The Anonymous Widower

Have Bombardier Got A Cunning Plan For Voyagers?

In the July 2018 Edition of Modern Railways, there is an article entitled Bi-Mode Aventra Details Revealed.

A lot of the article takes the form of reporting an interview with Des McKeon, who is Bombardier’s Commercial |Director and Global Head of Regional and Intercity.

This is a paragraph.

He also confirmed Bombardier is examining the option of fitting batteries to Voyager DEMUs for use in stations.

The Voyager family of trains has three members.

The trains have the following characteristics in common.

  • They are diesel electric multiple units.
  • Each car is powered by an underfloor Cummins QSK19 diesel engine of 750 hp/560 kW.
  • They are capable of 125 mph running.
  • Some trains are fitted with tilting, which isn’t used.
  • The trains have rheostatic braking.
  • They meet or could easily meet the latest accessibility regulations for passengers of reduced mobility.
  • Train length appears to be flexible and cars seem to be able to be swapped around in a particular class.

I think it is true to say that the operators have a few problems with these trains.

  • Some passengers think the trains are rather cramped.
  • There is also a noise and vibration problem when the engines are working hard.
  • There have been problems with seawater getting in the resistor banks for the rheostatic braking on Class 220 trains at Dawlish.
  • CrossCpuntry  would welcome extra capacity.
  • Both operators would probably welcome better fuel consumption on the trains.

How Would You Fit A Battery To A Voyager?

All these trains seem to be fitted with rheostatic braking.

Effectively, the traction motors generate electricity when they work in reverse to slow the train. On a modern train this electricity is either returned through the electrification to power other trains or stored in a battery.

But on these Voyagers, it is passed through resistors on the roof and used to heat the sky.

Consider these facts for a four-car Class 220 train.

  • The train has an operating speed of 125 mph.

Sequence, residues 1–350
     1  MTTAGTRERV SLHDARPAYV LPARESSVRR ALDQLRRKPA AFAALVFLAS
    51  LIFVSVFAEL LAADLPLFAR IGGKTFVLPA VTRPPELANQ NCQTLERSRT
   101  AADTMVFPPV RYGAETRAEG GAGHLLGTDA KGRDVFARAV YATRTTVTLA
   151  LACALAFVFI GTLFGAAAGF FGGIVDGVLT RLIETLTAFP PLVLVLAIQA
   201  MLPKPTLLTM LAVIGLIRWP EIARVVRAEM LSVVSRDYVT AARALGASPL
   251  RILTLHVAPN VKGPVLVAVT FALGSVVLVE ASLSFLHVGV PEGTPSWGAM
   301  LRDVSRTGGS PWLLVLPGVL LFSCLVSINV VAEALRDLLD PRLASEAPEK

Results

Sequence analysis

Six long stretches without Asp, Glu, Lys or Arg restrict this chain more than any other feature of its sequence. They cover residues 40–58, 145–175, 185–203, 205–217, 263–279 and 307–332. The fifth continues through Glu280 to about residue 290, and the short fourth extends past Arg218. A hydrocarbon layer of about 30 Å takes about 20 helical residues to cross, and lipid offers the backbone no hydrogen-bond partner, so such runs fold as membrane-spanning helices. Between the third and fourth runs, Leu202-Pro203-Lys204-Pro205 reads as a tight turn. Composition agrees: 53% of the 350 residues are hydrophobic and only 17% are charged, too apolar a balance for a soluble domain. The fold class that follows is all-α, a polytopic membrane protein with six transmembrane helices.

• Each car has its own diesel engine.
  • The train has a weight of 185.6 tonnes.
  • The train has seats for two hundred passengers.
  • If we assume that each passenger weighs 90 Kg. with their baggage this gives a total train weight of 203.6 tonnes.

Calculating the kinetic energy of the train for various speeds gives

  • 75 mph – 32 kWh
  • 90 mph – 46 kWh
  • 100 mph – 56 kWh
  • 125 mph –  89 kWh.

Every time a train stops, this energy goes to waste.

The simplest thing to do, would be to divert this energy to an appropriately sized battery in each car. As there is four cars in the train, a battery of 50 kWh in each car would probably be sufficient.

If the battery was full, then the energy would still go to the resistors on the roof.

You’ve now got a full battery, but how would you use the energy in a productive manner?

The easiest and probably best thing to do with it, is to power the hotel functions of the train like air-conditioning, lights, doors and toilets. This is an approach taken by Hitachi on their Class 800 trains, as this diagram confirms.

The diagram is contained in this document on the Hitachi Rail web site, which is entitled Development of Class 800/801 High-speed Rolling Stock for UK Intercity Express Programme.

The document is a fascinating read.

Using the energy to power the traction motors and move the train might be possible, but I suspect it might be too complicated and expensive.

The simple system of the braking energy charging the battery and then using this energy for hotel power has advantages, both for Hitachi and Voyagers.

  • The engines generally won’t need to run in a station to provide hotel power,as  Des McKeon noted.
  • The control electronics would be reasonably simple.
  • Many of the existing expensive components like engines and traction motors probably wouldn’t need to be changed.
  • There might be maintenance savings on the brakes.
  • Less fuel will need to be expended to provide hotel power.
  • If say the train has to halt perhaps because of a signalling or track fault, hotel power can be provided without running the engines.
  • If batteries are supplying the hotel power, the train may have more power for traction.

I obviously don’t know how independent each car is from the next, but if each is independent, then there could be further advantages in converting, testing and maintaining the cars.

Conclusion

It looks to be a good plan.

 

 

 

In

June 30, 2018 - Posted by | Travel | , , ,

4 Comments »

  1. […] In Have Bombardier Got A Cunning Plan For Voyagers?, I did the calculation of the kinetic energy for a four-car Class 220 train, which is in the same Voyager family as the Class 222 train. […]

    Pingback by The UK’s New High Speed Line Being Built By Stealth « The Anonymous Widower | July 9, 2018 | Reply

  2. […] I discuss what Bombardier might be doing in Have Bombardier Got A Cunning Plan For Voyagers?. […]

    Pingback by The Battery Trains Are Coming « The Anonymous Widower | July 17, 2018 | Reply

  3. […] Bombardier have hinted, they will be doing this to Voyagers and I wrote about it in Have Bombardier Got A Cunning Plan For Voyagers? […]

    Pingback by Northern’s Latest Class 319 Trains « The Anonymous Widower | August 2, 2018 | Reply

  4. […] The trains are diesel-electric and I explore the possibility of using batteries in these trains in Have Bombardier Got A Cunning Plan For Voyagers?. […]

    Pingback by Would Electrically-Driven Trains Benefit From Batteries To Handle Regenerative Braking? « The Anonymous Widower | August 5, 2018 | Reply


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